The fate of the world’s biggest ice sheet is in our hands: East Antarctic Ice Sheet will cause global sea levels to rise by up to 16 FEET by 2500 if temperatures continue to increase at current rate, study warns
- Melting of the East Antarctic Ice Sheet may result in huge sea level rises by 2050
- Researchers modelled the effects different global temperatures could have on it
- If there is no change in the rate of warming, sea levels could rise by 16 feet
- This could be limited if we reach emissions targets set in the Paris Agreement
An ice sheet that holds about 80 per cent of the world’s glacier ice has the potential to cause global sea levels to rise by up to 16 feet (five metres) by 2500.
Scientists have predicted that melting of the East Antarctic Ice Sheet (EAIS) will result in this increase if temperatures continue to rise at the current rate.
This warming of about 0.32°F (0.18°C) per decade is the result of humanity’s increase in greenhouse gas emissions since the Industrial Revolution.
Researchers from Durham University modelled the effects different temperatures and levels of emissions would have on the ice sheet in the next few centuries.
If no change is made to slow the warming, the EAIS could contribute up to ten feet (three metres) to global sea levels by 2300.
The melting could be limited significantly if emissions targets are met that see global temperature rise limited to 3.6°F (2°C) above pre-industrial levels.
The EAIS could then only contribute about 0.8 inches (two centimetres) of sea level rise by 2100, and 1.6 feet (0.5 metres) by 2500.
Thickness of ice in Antarctica, showing the location of the East Antarctic Ice Sheet (red outline), which holds the equivalent of 52 metres of sea level rise (alongside the UK and Ireland at the same scale). Wilkes Land (highlighted) has been referred to as East Antarctica’s ‘weak underbelly’, where some glaciers appear to be thinning, retreating and losing mass due to warm ocean currents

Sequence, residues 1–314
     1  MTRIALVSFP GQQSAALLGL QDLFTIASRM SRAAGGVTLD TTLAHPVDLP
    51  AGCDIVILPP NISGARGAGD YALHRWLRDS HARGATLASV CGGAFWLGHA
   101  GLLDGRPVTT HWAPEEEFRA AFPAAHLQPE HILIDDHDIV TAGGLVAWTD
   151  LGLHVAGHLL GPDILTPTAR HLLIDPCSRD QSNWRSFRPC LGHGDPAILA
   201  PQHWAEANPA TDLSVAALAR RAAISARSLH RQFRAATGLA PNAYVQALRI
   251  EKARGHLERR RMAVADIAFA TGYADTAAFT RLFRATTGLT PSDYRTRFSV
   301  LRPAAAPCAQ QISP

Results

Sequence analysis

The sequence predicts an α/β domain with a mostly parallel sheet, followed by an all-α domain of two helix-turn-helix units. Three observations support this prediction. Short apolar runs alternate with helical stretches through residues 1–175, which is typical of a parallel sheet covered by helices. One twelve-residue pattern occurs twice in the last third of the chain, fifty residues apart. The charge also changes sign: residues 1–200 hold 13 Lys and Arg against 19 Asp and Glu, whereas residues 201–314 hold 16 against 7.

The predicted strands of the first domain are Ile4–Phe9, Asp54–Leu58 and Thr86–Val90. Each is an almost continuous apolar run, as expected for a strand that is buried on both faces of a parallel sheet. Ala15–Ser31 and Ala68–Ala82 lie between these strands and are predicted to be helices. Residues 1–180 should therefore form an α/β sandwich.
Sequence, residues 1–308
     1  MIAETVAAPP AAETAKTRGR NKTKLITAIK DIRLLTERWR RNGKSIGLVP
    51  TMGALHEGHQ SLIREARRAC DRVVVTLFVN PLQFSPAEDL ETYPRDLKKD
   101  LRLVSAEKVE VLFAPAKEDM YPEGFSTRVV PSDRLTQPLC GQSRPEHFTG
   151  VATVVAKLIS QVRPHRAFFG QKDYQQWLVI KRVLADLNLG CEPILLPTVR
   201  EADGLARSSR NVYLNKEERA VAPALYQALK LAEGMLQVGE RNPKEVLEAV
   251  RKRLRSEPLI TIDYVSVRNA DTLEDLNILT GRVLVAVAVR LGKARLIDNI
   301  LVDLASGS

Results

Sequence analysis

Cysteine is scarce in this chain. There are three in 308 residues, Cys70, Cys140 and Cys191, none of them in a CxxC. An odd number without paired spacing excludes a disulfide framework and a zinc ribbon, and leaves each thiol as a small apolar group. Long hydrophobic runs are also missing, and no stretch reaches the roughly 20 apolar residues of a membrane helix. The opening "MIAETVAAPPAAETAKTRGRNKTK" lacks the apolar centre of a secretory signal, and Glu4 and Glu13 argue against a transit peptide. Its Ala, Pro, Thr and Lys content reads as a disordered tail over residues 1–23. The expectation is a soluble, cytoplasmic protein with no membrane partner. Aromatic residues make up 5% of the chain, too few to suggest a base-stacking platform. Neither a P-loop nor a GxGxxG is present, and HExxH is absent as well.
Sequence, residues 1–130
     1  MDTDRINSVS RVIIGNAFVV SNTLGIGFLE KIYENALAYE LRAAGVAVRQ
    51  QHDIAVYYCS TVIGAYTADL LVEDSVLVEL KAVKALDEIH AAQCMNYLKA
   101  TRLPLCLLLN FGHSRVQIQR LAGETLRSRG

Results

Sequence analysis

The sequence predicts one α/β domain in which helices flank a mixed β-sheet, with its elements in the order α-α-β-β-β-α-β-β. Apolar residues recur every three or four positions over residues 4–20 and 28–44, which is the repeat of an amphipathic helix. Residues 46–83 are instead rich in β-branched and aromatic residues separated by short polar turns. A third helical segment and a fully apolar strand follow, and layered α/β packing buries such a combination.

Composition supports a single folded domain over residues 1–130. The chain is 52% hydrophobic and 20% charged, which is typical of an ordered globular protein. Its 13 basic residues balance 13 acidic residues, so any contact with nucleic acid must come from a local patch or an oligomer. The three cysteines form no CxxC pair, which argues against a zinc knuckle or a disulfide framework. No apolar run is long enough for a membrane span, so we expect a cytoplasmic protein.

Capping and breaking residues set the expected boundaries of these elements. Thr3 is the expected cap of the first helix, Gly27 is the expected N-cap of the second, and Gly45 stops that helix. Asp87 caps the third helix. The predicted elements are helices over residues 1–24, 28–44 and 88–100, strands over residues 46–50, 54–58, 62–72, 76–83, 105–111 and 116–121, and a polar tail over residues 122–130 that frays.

Scientists have predicted that melting of the East Antarctic Ice Sheet (EAIS) will result in this increase if temperatures continue to rise at the current rate. Pictured: Ice cliff at the terminus of Vanderford Glacier, Wilkes Land, East Antarctica
WHY IS CURRENT GLOBAL WARMING DIFFERENT TO HOTTER PERIODS IN HISTORY?
Previous periods of warming, that are similar to what the Earth is experiencing today, occurred over hundreds of thousands of years.
About 300,000 years ago, during the mid-Pliocene, temperatures were only between 1.3°F and 3.6°F (2°C and 4°C) higher than present.
This period of warming occurred gradually over 300,000 years and is thought to have been caused by changes in the way the Earth orbits the sun.
However, evidence of today’s global warming indicates it just under 200 years ago.
The Earth’s average surface temperature has increased rapidly by about 1.8°F (1.0°C) since the late 1800s.
This can be explained by the increase in our greenhouse gas emissions since the industrial revolution.
Lead author Professor Chris Stokes said: ‘We used to think East Antarctica was much less vulnerable to climate change, compared to the ice sheets in West Antarctica or Greenland, but we now know there are some areas of East Antarctica that are already showing signs of ice loss.
‘Satellite observations have revealed evidence of thinning and retreating, especially where glaciers draining the main ice sheet come into contact with warm ocean currents.